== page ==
In mid-may, Michael Ballack, the captain of Germany's national soccer team, took a spikes-up tackle that left him writhing facedown on the turf, his right ankle shredded and his World Cup over before it began. Germany's coach called the foul "brutal"; the tabloids howled for justice. But there was a special pain at Adidas headquarters in the southern German town of Herzogenaurach, where Ballack was known not just as Michael (the way the rest of Germany refers to him) but also as the Capitano. He was to star as a character in "The Quest," Adidas' graphic-novel-inspired ad campaign showing Zinedine Zidane assembling a sort of Justice League of top players (Argentina's Lionel Messi as the Spark, Spain's David Villa as the Blaze, and so on). "It's a reminder that this is sport," says Erich Stamminger, head of global brands for Adidas. "You cannot just partner with one player. You need a portfolio."
Adidas' portfolio for the World Cup is robust: it sponsored 12 of the national teams in South Africa, including favorites like Spain, Germany and Argentina. It is the official FIFA sponsor and creator of the Jabulani ball, which fluttered, soared and sailed over goals throughout the first round of action but is still expected to be a top seller. (Adidas estimates it will sell 13 million Jabulanis.) It has already sold at least 6.5 million national-team jerseys more than double its jersey sales from the 2006 World Cup. The 2006 games netted Adidas about $1.6 billion in sales, and projections are for $1.9 billion this time, despite the recessionary environment. In the first quarter of 2010, the Adidas Group, which includes Adidas and Reebok brands and is the world's second largest footwear company, after Nike, posted a net profit of $222 million a huge improvement over the $6.5 million for the same quarter in 2009. Adidas-brand soccer products account for about 14% of the Adidas Group's sales.
The real game for Adidas, however, is being played out in fields far from South Africa: the ongoing showdown against footwear leader Nike. It's like an old grudge match between two powerhouses think Brazil vs. Argentina on the pitch with plenty of ups and downs over the years. In the past year and a half, Adidas has been falling further behind its old rival, particularly as the Reebok brand floundered. But Reebok is on the rebound, and Adidas is hoping to ride its traditional strength soccer for even more momentum this year. "With the Reebok turnaround gathering pace and the FIFA World Cup," said Adidas CEO Herbert Hainer in a May statement, "we have a lot of reasons to be optimistic."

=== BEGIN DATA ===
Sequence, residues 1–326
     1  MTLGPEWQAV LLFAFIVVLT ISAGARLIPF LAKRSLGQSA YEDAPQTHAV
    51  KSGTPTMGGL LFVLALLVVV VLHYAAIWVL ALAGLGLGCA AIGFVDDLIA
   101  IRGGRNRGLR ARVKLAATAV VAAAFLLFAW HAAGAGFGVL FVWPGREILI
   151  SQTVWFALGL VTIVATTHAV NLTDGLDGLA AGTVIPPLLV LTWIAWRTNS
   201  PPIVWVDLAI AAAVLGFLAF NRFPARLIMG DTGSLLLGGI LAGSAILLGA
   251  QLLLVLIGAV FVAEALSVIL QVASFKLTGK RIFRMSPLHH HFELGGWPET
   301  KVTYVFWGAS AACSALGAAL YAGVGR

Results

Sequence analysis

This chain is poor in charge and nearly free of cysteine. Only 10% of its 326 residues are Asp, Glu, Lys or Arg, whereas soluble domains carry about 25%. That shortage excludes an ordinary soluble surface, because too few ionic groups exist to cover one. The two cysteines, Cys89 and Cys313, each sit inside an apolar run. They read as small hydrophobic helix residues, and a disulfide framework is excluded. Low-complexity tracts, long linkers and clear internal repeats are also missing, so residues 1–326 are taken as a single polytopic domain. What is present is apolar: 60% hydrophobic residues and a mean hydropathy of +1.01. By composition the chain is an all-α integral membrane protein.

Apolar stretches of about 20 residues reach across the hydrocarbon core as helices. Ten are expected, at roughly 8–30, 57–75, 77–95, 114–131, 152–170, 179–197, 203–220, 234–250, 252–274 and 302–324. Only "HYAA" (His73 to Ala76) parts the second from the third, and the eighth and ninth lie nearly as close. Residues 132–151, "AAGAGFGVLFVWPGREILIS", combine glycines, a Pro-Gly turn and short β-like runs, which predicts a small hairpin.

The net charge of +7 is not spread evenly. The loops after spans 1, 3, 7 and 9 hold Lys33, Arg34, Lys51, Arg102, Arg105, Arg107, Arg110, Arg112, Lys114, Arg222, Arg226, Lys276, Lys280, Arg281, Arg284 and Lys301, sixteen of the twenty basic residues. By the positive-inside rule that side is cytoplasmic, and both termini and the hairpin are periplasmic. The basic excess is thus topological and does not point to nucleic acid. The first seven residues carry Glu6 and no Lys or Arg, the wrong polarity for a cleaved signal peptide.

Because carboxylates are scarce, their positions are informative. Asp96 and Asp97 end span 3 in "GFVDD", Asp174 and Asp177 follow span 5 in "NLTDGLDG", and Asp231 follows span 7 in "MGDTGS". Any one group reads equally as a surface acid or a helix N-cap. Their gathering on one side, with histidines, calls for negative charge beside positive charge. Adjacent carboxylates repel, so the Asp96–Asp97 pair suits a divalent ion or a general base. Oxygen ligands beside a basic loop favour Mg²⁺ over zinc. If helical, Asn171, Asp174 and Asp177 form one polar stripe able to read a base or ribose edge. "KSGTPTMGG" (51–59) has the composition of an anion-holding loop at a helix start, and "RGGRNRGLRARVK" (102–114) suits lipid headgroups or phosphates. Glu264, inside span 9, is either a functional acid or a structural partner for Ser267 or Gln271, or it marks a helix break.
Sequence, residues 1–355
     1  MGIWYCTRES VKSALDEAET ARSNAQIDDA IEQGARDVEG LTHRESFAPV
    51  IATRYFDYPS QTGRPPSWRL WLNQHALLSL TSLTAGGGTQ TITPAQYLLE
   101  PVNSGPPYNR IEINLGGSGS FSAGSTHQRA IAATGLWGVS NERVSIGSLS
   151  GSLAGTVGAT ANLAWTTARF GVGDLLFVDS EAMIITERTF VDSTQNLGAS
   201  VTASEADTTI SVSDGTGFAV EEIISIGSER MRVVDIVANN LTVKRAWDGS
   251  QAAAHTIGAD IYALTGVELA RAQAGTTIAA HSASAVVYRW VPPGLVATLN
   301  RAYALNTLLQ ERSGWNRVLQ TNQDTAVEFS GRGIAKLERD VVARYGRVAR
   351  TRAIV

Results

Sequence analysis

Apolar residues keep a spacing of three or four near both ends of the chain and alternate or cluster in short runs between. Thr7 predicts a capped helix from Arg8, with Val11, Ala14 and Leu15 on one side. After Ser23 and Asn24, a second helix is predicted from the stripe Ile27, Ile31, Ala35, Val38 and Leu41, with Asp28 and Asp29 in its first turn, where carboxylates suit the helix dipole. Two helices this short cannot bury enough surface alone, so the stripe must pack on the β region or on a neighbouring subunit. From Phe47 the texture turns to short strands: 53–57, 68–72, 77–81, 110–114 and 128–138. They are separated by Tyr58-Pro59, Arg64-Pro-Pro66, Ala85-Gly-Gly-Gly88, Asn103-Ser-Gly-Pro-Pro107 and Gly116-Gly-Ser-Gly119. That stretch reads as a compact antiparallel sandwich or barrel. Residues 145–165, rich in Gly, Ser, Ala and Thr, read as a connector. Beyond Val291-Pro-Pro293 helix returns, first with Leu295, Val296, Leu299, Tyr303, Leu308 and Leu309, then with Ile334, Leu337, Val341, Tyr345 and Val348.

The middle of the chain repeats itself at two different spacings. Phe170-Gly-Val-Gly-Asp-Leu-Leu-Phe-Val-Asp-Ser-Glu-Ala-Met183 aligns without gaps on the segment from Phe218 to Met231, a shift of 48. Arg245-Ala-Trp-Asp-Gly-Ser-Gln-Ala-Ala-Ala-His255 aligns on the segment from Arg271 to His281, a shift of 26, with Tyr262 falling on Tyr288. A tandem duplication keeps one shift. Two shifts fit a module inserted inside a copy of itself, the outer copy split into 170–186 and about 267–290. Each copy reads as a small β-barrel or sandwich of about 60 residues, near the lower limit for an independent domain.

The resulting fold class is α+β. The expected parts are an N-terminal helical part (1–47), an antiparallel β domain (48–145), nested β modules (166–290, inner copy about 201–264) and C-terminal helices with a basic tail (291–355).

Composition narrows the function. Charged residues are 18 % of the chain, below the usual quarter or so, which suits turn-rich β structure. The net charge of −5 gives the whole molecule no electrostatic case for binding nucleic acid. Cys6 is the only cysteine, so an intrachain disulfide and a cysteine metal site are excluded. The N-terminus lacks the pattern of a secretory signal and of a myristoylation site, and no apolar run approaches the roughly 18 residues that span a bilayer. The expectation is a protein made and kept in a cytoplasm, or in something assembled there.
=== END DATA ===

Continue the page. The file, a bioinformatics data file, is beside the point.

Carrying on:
The contest between the two companies may be a global game, but each field is slightly different. In Asia, for instance, the struggle between Nike and Adidas has revolved around a decidedly mundane problem: inventory. After the Olympics wound down and the recession started up, says Christopher Svezia, an analyst at Susquehanna Financial Group, Nike had the nimbler operation. It was able to tailor its inventory and distribution to the decreased demand, whereas Adidas says its China sales have been hampered by too much old product that needs to be cleared out before new product can come in. As a result, Svezia says, "Nike has returned to growth the past two quarters or so in China, but Adi has not. They're pretty far behind."
In Latin America, the two companies "are pretty competitive," says Svezia, with Nike slightly ahead. Europe, however, in terms of brand recognition, still belongs to the home team: Adidas leads in major markets like Germany and France. But Nike has edged ahead in others, like soccer-mad Italy. And Adidas stumbled in Eastern Europe in recent years, as Russia's currency weakened. Unlike Nike, which uses local partners in Russia, Adidas opened its own stores there an expensive, risky strategy. Adidas is by far the market leader in Russia, but it took a hit when the value of the ruble began slipping in 2008.